I see the gaping hole where the trees once were, where I ate roasted corn with college friends
and think of myself as the person who still thinks of MG road as Bangalore's main road.
A flyover has snaked its way above the road we thought was full. The grey concrete dragon
will transform into the zipping silver of the metro. And like in Delhi, sparkling people will
swipe their cards with a New Yorker's ease
Down the road in a little corner, a small slice of an old friend's Rajasthani haveli remains, the ground floor converted into a glitzy store selling guitars, its board placed on top of the placard that says
Estd 1807. Only the first floor retains the architectural details stolen from a desert far away.
Beside the house, a little further ahead is the shop 'Show Off' clothing people who frequent the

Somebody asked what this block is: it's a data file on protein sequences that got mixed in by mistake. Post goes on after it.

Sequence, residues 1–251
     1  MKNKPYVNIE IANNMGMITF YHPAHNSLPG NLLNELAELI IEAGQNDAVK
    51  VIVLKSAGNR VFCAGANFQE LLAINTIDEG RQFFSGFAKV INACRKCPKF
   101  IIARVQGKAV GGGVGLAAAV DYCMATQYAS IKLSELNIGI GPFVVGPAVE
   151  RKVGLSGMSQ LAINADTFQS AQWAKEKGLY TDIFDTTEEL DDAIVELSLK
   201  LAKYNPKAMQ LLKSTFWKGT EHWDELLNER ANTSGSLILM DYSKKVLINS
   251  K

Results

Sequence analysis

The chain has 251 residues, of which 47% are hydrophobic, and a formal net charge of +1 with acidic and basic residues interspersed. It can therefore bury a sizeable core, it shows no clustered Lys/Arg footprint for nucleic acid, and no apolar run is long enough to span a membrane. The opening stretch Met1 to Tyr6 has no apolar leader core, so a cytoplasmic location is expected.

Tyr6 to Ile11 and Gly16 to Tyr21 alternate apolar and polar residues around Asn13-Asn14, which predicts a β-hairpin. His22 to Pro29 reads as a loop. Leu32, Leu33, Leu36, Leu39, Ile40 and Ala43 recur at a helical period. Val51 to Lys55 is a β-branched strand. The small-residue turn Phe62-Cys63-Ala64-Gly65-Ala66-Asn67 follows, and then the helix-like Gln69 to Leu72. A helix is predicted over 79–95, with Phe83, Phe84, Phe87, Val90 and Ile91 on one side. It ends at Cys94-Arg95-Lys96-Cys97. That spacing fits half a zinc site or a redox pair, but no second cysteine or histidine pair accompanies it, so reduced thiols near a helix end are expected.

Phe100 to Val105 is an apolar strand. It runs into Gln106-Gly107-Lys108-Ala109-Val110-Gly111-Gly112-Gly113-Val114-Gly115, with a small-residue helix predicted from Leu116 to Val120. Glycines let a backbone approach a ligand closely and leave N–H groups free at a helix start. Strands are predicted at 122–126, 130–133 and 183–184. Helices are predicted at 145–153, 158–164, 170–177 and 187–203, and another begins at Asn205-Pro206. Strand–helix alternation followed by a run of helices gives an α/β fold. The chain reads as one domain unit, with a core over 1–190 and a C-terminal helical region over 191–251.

Clubs around, clothes that shine only in those lights.
Opposite is Ram Prasad veg where they serve pungent beautiful sambar that I remember from breaks rehearsing a play at Baldwin Boys School.
I wonder if this happens to people who stay long in a place. But was talking to my friend Anasuya known better as Madam Mahila Mukti about how Bangalore was full of firsts for us, it was our first personal revolution, our first questions, our first foray into pain, into everything adult, the first signs of being grown up.
So many parts of the city glow like scabs on a child's skin. One is never sure if the beautiful, playful memories overpower the faintly painful nostalgia or the other way round.
But I'll always be back, I guess.
After all, I left then to Chennai and then to Bombay. And nostalgia is homeground.